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African-American and African-Caribbean hair products harmful to women and children linked to reproductive and birth defects, breast cancer, and heart disease

posted Feb 1, 2012, 10:57 AM by Nancy Swan
Join and "Like" "Children's Environmental Protection Alliance" and "Toxic Justice" on Facebook and on Linked In for news, commentary, and opportunities to protect children from hazardous environmental and chemicals. 


"Safe" by US standards means no ill effects on a grown, health, heavy weight man. The US government fails to provide standards of chemical and environmental safety for women and children. Chemicals levels and compounds that
will not injure a man, can kill a young child.  Dangerous products are used in homes and salons on children without any warning or regulation. Children are also exposed when they accompany adults to salons or are near use of these products. 

Products that are marketed to women and children contain insufficient warning labels.  Few people bother to read warnings on packaging.   If the product cannot be safe for children, they should be removed from the market or users should be subjected to regulation and enforcement.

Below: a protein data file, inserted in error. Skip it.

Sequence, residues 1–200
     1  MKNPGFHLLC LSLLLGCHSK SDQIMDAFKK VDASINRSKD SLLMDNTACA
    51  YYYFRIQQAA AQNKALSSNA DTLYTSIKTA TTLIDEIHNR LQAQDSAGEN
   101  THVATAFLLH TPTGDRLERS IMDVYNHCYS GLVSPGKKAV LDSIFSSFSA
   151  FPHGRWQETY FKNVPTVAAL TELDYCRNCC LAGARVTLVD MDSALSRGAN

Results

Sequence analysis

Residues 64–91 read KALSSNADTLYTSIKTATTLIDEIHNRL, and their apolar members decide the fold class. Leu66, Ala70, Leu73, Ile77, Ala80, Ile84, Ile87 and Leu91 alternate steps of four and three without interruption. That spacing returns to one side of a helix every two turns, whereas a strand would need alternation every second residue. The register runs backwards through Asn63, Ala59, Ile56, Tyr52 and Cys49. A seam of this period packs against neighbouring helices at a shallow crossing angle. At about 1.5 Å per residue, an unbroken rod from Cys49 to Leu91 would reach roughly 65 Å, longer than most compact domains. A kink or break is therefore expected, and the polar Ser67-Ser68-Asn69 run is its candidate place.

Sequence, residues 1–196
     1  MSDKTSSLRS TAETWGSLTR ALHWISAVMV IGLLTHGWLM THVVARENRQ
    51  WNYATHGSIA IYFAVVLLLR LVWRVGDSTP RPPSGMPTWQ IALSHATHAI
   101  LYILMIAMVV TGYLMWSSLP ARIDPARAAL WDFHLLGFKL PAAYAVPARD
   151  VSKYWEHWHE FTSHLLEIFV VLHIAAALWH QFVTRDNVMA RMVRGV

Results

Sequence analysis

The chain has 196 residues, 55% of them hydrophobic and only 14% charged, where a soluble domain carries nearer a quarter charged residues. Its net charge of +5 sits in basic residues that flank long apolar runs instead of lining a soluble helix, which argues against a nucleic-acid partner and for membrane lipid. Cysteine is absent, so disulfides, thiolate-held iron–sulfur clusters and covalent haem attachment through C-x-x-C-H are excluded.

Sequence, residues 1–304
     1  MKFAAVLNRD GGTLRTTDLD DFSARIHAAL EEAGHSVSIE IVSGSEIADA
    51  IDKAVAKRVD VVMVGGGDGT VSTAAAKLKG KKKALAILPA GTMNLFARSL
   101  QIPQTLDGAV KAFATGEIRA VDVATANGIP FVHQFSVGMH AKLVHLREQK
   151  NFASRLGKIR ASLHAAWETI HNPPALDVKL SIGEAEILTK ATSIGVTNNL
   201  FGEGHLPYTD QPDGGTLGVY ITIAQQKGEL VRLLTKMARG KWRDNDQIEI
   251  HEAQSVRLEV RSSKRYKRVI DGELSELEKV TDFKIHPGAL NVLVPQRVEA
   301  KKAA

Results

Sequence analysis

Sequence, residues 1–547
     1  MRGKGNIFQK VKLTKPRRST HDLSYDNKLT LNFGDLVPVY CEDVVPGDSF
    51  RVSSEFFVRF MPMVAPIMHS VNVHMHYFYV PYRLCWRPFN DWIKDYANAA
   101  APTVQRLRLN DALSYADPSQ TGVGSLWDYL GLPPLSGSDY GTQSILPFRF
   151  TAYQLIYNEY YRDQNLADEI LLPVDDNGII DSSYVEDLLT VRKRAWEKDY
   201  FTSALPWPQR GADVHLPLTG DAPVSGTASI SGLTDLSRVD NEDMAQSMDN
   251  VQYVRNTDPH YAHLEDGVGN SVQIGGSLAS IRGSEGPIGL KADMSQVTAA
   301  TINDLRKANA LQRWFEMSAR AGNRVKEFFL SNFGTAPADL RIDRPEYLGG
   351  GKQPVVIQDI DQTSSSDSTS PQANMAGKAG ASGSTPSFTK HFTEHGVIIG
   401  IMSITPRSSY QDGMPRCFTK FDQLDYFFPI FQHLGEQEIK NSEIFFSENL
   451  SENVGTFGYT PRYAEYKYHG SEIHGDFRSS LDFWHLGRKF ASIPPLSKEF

African-American and African-Caribbean women surveyed used products that contained chemicals that are commonly referred to as endocrine-disrupting chemicals (EDCs), which have been linked to various reproductive effects and birth defects, breast cancer and heart disease. -- “Racial/Ethnic Differences in Hormonally-Active Hair Product Use: A Plausible Risk Factor for Health Disparities,” Journal of Immigrant Health
sfbayview.com
“Take the kinks out of your mind, instead of out of your hair,” said Marcus Garvey. Black women today who strive to take his admonition to heart are in a better position than their sisters of the past. Research focusing on the products used in African-American beauty salons – and homes – is increasi...
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